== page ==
Does Darwin matter?
I can’t speak for others, but he certainly has mattered in my life. I was raised in a home where National Geographic and science magazines—with splashy covers and colorful images of an evolving earth and hunting hominids—were regularly displayed and excitedly discussed around the kitchen table.
In fact, I never heard anything different from the evolutionary story until I went off to secular college. (I was sheltered, I know.)
Then I met my first creationist, a fellow student. What intrigued me was not his knowledge of science or his copy of The Genesis Flood and other creationist books on his shelf. What struck me was his belief that the first book of the Bible, Genesis, was true. I had never met anyone like that.
I remember one day sitting in his dorm room, listening to him talk, when suddenly he picked up two seashells and tossed them at me. With a big grin, he declared that one was supposedly millions of years old, while the other shell, which looked identical, was plucked from a beach recently.
Another time he picked up a copy of Darwin’s On the Origin of Species and flipped to a long paragraph at the end of the book. “This is the only spot in the book,” he informed me, “where Darwin actually suggests how small changes could lead to new species.”
In my experience, it didn’t take a detailed demolition of evolution, point by point, for me to see my need for the Savior, Jesus Christ. In fact, no demolition ever occurred. All that I needed were answers to a few basic questions, just enough for me to see that the problem was not the science of the Bible, but whether I would trust the Author of the Bible.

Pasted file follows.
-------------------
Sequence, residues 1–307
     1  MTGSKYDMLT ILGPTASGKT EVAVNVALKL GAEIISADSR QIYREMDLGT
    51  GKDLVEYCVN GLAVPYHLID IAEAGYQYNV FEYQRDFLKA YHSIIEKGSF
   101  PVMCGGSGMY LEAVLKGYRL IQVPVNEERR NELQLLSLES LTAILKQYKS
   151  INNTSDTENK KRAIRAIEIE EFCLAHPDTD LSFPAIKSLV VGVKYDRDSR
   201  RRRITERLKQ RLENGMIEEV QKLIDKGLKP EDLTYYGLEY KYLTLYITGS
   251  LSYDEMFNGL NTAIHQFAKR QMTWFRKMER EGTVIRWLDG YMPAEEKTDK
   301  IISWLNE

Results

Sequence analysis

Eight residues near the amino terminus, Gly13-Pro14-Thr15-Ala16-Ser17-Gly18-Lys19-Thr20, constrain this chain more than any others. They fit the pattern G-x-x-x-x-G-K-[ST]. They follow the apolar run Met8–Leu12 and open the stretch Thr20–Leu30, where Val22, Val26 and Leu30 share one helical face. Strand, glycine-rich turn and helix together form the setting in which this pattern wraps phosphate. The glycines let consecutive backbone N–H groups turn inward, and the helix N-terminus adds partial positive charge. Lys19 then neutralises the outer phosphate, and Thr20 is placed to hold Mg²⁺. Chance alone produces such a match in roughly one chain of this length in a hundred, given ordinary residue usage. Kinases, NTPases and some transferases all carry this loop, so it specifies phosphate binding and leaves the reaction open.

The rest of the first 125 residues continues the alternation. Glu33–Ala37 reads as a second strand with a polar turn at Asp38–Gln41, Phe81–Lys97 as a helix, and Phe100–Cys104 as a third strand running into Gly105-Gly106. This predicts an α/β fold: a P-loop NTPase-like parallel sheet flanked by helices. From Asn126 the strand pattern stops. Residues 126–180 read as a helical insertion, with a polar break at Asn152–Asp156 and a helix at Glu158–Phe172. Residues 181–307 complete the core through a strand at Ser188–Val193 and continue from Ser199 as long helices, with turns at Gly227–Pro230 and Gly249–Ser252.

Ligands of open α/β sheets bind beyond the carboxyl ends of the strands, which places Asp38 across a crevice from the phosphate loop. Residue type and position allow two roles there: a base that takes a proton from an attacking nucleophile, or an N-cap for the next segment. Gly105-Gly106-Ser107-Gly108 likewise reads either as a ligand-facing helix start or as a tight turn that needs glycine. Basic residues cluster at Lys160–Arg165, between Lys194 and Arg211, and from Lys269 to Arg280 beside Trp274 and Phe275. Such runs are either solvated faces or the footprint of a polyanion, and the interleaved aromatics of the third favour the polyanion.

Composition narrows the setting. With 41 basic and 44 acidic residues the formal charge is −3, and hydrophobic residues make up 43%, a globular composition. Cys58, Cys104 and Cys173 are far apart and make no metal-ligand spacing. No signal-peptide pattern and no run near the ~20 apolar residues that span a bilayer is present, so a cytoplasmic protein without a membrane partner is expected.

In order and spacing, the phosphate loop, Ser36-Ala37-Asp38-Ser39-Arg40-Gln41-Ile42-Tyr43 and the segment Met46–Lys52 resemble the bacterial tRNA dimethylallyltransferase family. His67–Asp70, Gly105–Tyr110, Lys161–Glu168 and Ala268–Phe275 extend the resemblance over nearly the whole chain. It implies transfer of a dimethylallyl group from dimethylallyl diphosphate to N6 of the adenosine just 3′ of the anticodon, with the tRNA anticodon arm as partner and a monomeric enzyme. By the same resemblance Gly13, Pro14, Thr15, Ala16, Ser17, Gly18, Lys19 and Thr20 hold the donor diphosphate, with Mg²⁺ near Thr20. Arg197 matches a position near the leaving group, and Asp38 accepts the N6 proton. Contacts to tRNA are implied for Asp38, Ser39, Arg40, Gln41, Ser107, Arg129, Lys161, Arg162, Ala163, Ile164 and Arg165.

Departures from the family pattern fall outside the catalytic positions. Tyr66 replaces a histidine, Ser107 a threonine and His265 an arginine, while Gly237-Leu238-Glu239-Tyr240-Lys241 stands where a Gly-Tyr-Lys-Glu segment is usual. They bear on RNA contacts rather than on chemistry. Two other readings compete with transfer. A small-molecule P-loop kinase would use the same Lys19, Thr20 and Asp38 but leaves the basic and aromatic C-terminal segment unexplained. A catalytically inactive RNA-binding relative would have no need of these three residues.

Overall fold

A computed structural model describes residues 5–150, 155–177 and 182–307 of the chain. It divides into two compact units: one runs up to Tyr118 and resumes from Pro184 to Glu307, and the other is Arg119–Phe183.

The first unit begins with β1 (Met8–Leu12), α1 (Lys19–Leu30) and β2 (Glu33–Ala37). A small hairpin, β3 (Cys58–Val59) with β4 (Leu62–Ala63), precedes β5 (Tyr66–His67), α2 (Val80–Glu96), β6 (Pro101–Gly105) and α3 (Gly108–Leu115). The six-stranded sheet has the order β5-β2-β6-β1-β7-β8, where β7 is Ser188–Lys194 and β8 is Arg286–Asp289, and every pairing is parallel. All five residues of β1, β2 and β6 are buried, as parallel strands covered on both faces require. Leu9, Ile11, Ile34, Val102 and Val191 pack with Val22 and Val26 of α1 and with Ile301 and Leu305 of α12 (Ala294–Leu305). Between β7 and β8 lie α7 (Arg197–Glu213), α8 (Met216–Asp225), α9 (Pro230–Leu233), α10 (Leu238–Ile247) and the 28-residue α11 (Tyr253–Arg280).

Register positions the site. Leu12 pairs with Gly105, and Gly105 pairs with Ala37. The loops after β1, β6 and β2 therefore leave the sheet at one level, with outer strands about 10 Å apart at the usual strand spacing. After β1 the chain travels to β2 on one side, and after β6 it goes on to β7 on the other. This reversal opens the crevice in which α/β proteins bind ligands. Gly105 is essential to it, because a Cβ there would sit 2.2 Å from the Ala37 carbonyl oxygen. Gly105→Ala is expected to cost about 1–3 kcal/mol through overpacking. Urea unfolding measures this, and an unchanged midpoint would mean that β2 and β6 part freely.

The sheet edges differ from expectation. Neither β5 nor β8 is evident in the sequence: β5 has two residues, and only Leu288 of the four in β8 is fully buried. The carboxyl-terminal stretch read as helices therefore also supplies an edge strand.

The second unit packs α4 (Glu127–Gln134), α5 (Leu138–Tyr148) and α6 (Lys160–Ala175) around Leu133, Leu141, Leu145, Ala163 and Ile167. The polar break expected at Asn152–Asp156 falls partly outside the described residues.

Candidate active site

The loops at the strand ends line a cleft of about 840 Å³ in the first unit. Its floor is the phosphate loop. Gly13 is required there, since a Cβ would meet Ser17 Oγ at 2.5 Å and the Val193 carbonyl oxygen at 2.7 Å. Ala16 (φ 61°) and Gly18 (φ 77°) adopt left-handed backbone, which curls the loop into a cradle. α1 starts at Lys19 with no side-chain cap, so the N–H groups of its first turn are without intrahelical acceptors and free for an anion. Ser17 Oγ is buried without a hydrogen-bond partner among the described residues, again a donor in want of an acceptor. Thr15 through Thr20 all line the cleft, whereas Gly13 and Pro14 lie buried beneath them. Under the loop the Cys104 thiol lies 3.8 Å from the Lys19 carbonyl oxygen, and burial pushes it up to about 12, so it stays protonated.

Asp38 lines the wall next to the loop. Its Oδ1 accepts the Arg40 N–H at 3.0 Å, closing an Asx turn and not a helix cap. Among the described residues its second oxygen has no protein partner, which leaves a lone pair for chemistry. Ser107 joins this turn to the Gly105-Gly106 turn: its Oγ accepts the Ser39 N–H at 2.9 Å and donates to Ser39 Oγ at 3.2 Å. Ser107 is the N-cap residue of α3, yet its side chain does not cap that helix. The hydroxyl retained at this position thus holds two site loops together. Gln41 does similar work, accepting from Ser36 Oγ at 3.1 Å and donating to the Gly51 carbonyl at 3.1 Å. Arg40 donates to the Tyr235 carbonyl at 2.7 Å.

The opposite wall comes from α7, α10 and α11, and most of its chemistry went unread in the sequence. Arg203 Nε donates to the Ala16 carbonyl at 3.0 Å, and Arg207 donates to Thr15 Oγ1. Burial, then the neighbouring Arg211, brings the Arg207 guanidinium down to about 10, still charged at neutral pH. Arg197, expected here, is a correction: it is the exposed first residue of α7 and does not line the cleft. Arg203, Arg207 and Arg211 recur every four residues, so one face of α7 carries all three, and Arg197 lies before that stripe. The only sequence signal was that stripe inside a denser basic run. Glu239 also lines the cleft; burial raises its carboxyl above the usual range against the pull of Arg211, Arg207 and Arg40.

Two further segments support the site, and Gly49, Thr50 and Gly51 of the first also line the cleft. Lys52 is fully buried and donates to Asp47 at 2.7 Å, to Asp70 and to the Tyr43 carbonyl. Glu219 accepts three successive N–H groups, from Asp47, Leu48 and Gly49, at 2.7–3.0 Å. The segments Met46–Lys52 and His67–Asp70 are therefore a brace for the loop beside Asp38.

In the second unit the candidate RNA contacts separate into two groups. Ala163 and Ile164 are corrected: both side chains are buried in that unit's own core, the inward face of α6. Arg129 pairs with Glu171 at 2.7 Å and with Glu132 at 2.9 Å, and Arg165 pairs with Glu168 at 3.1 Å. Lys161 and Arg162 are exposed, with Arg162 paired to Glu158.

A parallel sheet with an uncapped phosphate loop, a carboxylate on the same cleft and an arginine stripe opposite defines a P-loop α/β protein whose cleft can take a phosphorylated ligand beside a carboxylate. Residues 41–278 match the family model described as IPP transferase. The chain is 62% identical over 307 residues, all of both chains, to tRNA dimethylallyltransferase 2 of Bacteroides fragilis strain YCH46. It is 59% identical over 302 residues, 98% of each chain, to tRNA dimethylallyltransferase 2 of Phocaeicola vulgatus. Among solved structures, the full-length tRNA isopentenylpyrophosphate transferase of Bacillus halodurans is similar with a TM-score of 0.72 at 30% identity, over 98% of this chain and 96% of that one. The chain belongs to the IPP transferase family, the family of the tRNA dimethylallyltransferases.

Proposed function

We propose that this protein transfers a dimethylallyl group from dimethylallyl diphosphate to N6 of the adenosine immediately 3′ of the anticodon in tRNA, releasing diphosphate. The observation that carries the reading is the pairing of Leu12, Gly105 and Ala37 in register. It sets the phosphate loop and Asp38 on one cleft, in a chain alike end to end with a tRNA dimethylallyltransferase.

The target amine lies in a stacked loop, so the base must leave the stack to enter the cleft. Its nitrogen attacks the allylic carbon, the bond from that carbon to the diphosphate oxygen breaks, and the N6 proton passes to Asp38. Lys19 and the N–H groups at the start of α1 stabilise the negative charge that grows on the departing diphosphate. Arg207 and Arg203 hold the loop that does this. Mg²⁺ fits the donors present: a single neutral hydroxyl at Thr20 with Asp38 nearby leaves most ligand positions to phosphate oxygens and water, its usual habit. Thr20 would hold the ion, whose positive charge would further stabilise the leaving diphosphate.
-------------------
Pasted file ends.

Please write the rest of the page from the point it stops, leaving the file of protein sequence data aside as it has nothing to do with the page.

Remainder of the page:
The real wooer of souls is God’s Spirit and His Word. At my bedside that fall, convicted of my evil before God, I trusted Christ as my Savior.
Later that year, I took a class called “Problems in Evolution.” We studied difficult questions that evolutionists are struggling to resolve, including questions about how natural selection can produce radical changes over time. My classmates and teacher, all evolutionists, knew what they believed—they were just hunting for better answers.
Simply seeing the uncertainties of evolution did not draw their hearts to Christ.
I have since realized that the evil one, Satan, has erected walls in an attempt to block most people’s path to hearing the Bible. But the Holy Spirit is already at work convicting people of sin and of the truth (John 16:8–11). Our job is not the terrifying task of battering down the whole edifice of their beliefs. (Who has the expertise, anyway?) Most people aren’t scientists, either, and they don’t care about the intricacies of genetic drift, multiple alleles, nonadaptive radiation, and the like.
In my case, all I needed were a few reasonable and Bible-based answers. Like a make-shift ladder, these simple answers allowed me to quickly scramble over what earlier seemed like an impregnable wall to hearing God’s Word.
Knowing this is such a comfort to me. I have no reason to fear, as I proclaim the truth of God’s Word and the hope of the gospel.
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